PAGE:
It's a mystery why money doesn't make us happy, because it feels like it damn well should. With money we can buy whatever we want, go wherever we want, even be whoever we want. Surely that should make us happy?
And yet study after study shows that in affluent societies money might bring satisfaction, but it doesn't bring much happiness.
Perhaps, as people become really rich, they don't choose more enjoyable activities (i.e. they stay in the office working)? Perhaps material goods just can't make us happy? Or perhaps there is always someone richer, spoiling the party with their more impressive wealth?
Failure to savour
There's something missing from these accounts, though, and it's the old argument that when you live in luxurious surroundings, have experienced the best restaurants and received the most lavish gifts, it becomes more difficult to savour the simple things in life.
Supporting this account, a new study published in Psychological Science has found that participants were less able to savour positive emotions both when they were richer themselves and when they were prompted to think about wealth by looking at a picture of money (Quoidbach et al., 2010).
In a second study participants who were cued with the idea of money didn't enjoy or savour a chocolate bar as much as those not reminded of money. When participants looked at a picture of money beforehand, the average time spent eating the chocolate went down from 45 seconds to 32 seconds. Levels of enjoyment reported afterwards also went down, from 5 to 3.6 on a scale of 1 to 7, where 7 is maximum enjoyment.
And this is only the effect of looking at a picture of money for a few seconds. Think what our society, with its constant reminders of opulence in both public and private, are doing to us. It's a wonder we can enjoy anything.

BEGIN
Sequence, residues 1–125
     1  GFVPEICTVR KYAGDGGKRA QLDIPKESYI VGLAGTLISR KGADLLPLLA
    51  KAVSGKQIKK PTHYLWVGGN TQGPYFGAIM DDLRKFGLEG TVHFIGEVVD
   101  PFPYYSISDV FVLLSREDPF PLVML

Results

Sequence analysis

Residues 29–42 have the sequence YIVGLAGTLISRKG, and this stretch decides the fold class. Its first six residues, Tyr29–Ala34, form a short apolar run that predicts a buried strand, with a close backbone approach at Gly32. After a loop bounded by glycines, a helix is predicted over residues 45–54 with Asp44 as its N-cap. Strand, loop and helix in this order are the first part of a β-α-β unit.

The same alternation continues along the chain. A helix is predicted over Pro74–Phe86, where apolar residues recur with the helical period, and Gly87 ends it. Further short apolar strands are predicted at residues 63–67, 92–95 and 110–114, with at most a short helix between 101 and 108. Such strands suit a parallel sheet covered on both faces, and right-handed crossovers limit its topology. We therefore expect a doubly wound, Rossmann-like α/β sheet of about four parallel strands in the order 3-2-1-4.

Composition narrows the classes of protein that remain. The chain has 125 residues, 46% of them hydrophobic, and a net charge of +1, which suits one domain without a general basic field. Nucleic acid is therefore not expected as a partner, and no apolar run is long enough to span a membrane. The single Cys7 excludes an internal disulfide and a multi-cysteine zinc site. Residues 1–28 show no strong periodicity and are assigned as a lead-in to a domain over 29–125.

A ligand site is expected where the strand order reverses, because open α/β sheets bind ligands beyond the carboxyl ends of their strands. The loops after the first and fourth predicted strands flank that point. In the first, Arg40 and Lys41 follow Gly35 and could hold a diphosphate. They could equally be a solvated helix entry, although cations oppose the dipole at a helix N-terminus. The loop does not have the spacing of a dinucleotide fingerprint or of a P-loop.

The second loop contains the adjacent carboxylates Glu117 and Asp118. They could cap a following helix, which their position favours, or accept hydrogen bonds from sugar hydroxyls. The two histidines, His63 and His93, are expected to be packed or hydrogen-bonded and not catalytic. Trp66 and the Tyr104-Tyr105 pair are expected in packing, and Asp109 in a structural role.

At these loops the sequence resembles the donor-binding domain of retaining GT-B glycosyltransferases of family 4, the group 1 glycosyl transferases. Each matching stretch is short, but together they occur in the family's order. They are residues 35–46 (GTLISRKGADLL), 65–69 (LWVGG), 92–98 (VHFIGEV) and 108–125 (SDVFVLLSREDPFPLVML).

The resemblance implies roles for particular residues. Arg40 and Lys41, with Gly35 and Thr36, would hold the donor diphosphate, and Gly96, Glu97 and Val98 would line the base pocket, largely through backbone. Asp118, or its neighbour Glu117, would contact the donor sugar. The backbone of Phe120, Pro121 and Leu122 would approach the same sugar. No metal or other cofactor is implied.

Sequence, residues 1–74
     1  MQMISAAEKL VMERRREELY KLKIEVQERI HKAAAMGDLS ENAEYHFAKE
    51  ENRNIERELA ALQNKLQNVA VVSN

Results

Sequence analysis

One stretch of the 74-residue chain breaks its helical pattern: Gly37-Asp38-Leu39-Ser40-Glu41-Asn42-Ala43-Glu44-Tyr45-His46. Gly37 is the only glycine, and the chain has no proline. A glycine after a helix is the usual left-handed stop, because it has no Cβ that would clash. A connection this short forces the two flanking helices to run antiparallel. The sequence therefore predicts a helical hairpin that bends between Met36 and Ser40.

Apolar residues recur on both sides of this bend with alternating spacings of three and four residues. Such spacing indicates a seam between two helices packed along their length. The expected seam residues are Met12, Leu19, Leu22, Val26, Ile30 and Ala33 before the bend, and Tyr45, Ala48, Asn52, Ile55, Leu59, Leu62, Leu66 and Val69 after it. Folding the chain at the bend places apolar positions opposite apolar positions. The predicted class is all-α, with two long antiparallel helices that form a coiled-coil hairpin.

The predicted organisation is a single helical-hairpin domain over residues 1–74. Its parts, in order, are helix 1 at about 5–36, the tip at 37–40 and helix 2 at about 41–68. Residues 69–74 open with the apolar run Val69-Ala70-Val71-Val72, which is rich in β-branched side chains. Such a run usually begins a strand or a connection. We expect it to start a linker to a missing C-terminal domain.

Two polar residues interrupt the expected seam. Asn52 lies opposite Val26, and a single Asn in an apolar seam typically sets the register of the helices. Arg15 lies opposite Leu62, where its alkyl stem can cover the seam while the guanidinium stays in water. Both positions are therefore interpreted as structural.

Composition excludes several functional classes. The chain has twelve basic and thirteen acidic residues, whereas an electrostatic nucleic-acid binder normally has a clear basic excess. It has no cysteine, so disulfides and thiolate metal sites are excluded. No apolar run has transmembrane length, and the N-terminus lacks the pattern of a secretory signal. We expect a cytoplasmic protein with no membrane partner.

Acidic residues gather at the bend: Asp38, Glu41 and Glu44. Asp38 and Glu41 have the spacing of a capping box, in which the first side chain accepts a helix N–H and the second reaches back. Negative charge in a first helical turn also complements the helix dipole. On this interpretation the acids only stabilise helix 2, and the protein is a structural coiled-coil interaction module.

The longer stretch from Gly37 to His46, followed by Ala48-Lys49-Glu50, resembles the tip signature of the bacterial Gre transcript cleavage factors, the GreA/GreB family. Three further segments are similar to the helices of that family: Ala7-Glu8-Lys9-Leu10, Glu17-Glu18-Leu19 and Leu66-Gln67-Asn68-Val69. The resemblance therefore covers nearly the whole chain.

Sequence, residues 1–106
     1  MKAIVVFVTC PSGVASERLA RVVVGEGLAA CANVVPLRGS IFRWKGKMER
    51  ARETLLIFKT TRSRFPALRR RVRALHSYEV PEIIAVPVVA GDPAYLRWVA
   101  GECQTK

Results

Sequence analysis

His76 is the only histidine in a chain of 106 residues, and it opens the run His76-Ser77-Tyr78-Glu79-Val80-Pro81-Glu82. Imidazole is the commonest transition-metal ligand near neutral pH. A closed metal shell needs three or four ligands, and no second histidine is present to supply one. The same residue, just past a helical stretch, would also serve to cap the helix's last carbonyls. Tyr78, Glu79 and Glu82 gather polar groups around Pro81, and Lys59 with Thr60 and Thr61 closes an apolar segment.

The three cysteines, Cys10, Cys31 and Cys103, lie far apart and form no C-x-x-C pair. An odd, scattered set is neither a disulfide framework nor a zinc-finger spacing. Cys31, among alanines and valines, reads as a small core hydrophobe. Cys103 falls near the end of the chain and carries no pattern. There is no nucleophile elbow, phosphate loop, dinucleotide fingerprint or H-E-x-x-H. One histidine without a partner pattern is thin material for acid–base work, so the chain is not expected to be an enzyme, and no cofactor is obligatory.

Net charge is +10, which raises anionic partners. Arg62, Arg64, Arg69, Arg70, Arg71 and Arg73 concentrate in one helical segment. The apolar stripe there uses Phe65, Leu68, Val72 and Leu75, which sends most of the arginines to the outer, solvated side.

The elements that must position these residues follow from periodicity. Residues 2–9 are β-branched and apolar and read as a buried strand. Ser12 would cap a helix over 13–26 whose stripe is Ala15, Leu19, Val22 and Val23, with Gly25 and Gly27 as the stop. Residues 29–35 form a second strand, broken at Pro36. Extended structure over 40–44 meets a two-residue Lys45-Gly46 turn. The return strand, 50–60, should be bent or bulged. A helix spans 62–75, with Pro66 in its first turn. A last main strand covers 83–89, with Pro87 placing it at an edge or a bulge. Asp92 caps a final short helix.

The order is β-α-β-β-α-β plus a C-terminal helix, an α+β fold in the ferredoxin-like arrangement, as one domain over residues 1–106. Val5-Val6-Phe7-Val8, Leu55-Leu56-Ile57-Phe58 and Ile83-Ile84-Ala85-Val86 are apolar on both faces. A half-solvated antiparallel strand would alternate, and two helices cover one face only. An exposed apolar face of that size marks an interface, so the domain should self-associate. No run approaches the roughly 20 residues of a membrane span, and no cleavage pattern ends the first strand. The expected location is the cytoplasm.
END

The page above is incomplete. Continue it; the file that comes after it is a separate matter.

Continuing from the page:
This is just one facet of our mind's habit of comparing everything with everything else, from complex concepts like money right down to the most basic perceptual level. Like when you open your eyes in the morning, or turn up the volume on your mp3 player; for a moment the senses are overloaded but soon the contrast fades as the mind acclimatises.
It's easy to forget that things aren't 'loud' or 'bright', they are just 'louder' or 'brighter' than something else. Money is just one more thing that our minds treat in this relativistic fashion.
So spare a thought for the super-rich, the poor darlings can't appreciate a tin of spam, a lump of coal or a cardboard box in quite the same way that you and I can. It's not much of a silver lining I'll grant you, but it's something to hold on to.
Image credit: Darrren Hester
Making Habits, Breaking Habits
In his new book, Jeremy Dean--psychologist and author of PsyBlog--looks at how habits work, why they are so hard to change, and how to break bad old cycles and develop new healthy, creative, happy habits.
→ "Making Habits, Breaking Habits", is available now on Amazon.Reviews
The Bookseller, “Editor’s Pick,” 10/12/12 “Sensible and very readable…By far the most useful of this month’s New You offerings.”
Kirkus Reviews, 1/1/13 “Making changes does take longer than we may expect—no 30-day, 30-pounds-lighter quick fix—but by following the guidelines laid out by Dean, readers have a decent chance at establishing fulfilling, new patterns.”
Publishers Weekly, 12/10/12 “An accessible and informative guide for readers to take control of their lives.”